Sunday, July 12, 2009

Change Model 1: The 4D Model (Appreciative Inquiry)


The 4-D Model is based on Appreciative Inquiry (AI) which is a larger framework for human or organizational change. Like AI itself, it is based on a shift in paradigms on human interaction. The core can be captured in the idea that we create the world as we describe it. If many people in an organization think that this is a torture chamber, they will feel physical pain when they enter the door of this organization. If the same people think this is a great place to work, it will be.
Alana Karran writes about the difference between problem and outcome orientation approaches:

The other primary orientation is the Outcome Orientation, also known as the Collaborative-Creating Orientation. The focus of this orientation is the vision of the organization. What is focused on has a great impact on the emergent experience. Focus, or intention evokes an emotional response that drives behavior. This behavior reinforces the intention. Because systems are circular and feedback loops return to their point of orientation, this cycle continues indefinitely unless there is a change of focus. The principle of feedforward also applies, as the focus influences the future.

In the Collaborative-Creating Orientation, focusing on the vision engages passion and desire to manifest the intended outcome. When members of an organization have a shared vision and shared meaning this passion infuses the entire system because what affects a part, affects the whole. Biological systems are creative in nature and creativity happens collaboratively, most often in some form of community. Highly functioning organizations with a deep sense of community thrive from this orientation as the vision sparks passion, which creates authentic action moving the whole system closer to the vision exponentially.

Creators of the Model:
Suresh Srivastva, Ron Fry, and David Cooperrider, 1990

Phases of the Change Process: (taken from
Discover—people talk to one another, often via structured interviews, to discover the times when the organisation is at its best. These stories are told as richly as possible.

Dream—the dream phase is often run as a large group conference where people are encouraged to envision the organisation as if the peak moments discovered in the ‘discover’ phase were the norm rather than exceptional.

Design—a small team is empowered to go away and design ways of creating the organisation dreamed in the conference(s).

Destiny—the final phase is to implement the changes.

Does the Model Relate to Complexity Theory?

AI and the 4D-Model are deeply rooted in complexity theory. The underlying principle of simultaneity (change of mind and change of organizations happen at the same time) and the principle of poetry (the story of organizations can be recreated in conversations) relate to a basic systemic process: organizations can not be described as the sum of its parts but only as a whole.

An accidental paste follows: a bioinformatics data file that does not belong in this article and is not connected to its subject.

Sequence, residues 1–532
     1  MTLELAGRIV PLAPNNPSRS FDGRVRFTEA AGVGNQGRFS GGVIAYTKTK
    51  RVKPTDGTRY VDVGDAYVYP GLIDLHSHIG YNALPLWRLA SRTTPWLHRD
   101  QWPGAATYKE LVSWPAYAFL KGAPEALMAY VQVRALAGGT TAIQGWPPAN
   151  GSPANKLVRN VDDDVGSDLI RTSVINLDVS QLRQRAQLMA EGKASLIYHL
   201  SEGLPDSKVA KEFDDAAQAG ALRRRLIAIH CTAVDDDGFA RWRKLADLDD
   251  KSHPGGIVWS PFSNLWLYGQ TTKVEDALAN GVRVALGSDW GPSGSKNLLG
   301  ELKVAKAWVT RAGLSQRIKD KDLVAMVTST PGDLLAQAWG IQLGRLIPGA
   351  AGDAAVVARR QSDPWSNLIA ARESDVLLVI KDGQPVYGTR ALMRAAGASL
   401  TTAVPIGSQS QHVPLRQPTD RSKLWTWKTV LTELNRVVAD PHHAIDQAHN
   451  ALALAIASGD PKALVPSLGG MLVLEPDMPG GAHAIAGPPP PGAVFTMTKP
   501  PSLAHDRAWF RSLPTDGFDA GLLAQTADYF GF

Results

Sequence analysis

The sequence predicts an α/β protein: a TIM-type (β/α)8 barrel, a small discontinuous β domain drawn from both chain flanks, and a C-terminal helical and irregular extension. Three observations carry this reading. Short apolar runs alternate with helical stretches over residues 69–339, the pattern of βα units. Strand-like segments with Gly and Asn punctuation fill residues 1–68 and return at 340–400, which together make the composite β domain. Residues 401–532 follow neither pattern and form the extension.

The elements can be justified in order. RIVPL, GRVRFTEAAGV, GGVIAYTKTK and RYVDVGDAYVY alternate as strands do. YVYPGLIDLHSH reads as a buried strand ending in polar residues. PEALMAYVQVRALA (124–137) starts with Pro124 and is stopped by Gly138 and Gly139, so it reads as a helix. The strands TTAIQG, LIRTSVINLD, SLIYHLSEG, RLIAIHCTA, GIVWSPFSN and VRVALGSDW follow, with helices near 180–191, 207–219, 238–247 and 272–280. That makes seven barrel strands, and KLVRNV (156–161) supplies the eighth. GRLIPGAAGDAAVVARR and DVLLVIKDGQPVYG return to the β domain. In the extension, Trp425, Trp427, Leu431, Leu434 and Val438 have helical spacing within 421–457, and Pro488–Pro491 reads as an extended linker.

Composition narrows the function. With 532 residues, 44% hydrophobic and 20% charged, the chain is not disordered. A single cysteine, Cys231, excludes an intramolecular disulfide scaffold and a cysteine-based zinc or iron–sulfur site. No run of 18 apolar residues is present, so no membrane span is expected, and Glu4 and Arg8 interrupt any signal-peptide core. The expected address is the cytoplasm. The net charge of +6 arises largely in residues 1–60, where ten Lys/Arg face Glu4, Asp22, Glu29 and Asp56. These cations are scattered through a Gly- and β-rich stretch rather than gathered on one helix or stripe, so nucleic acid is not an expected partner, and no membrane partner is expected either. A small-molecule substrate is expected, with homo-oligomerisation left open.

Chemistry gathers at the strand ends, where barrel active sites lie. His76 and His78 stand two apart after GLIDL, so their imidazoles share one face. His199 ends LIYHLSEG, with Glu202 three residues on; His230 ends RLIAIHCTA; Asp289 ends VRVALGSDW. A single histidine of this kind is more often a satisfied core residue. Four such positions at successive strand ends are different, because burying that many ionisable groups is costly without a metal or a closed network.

The model has been applied to many different kind of organizations, from the profit (e.g., British Airways) and non-profit (United Nations) sectors. It is suitable for a wide range of transformation processes, including quality management, vision/mission/value creation, improvement of collaboration, etc.

  • The 4D-model works with what exists already in organizations. People can easily relate to their past success stories and link them to what they want for the future.
  • It is highly participatory and inclusive and respects different views and values.
  • The results of a 4D process are directly action oriented.
  • It creates energy and enhances motivation of people involved.
  • The model is more related to the past and present than to the future.
  • It does not include a wake-up call. Problems and challenges, although not denied, do not receive the same attention than visions.
  • The quality of results varies and depends on many factors. AI requires a highly skilled facilitator to make sure that the output of the process satisfies the expectations of the process owner.

More resources:

Website of Appreciative Inquiry Commons
Case Study: AI at World Vision
Timeline of Appreciative Inquiry

Photo of David Cooperrider: Ovationnet



Hans said...

Excellent overview, brief and compehensive. Brief comment on problems and emphasis on past vs. future. Personnally I do not have a problem with "problems". AI is very "American": Focus on the positive. Europeans don't mind to dive deeply into problems, they need to really feel them - almost physically - in order to cope with them; to develop the sense of urgency. The redefinition of "problem" (emphasis on the past) into a "challange" (emphasis on the future) is something we often discuss in workshops with particitpants from different cultures.

Anonymous said...

My experience was that AI had a very strong whiff of 'cult' about it - especially as the (well-regarded) practitioner spent a lot of time getting us to appreciate AI itself.

Jim S. said...

Any workable alternative to established belief is regarded as cultish by those who are "true believers." I suggest to Anonymous that suspending disbelief and engaging thoughtfully in an appreciative inquiry will be useful -- perhaps even enlightening.

Anonymous said...

AI is related to the past and present in order to reframe them -- thus allowing a different perception of the future.

Problems and challenges can be integrated into questions based on input from interested parties - e.g. customers, management, other departments. This isn't usually done, but it should be defined as a best practice for AI.

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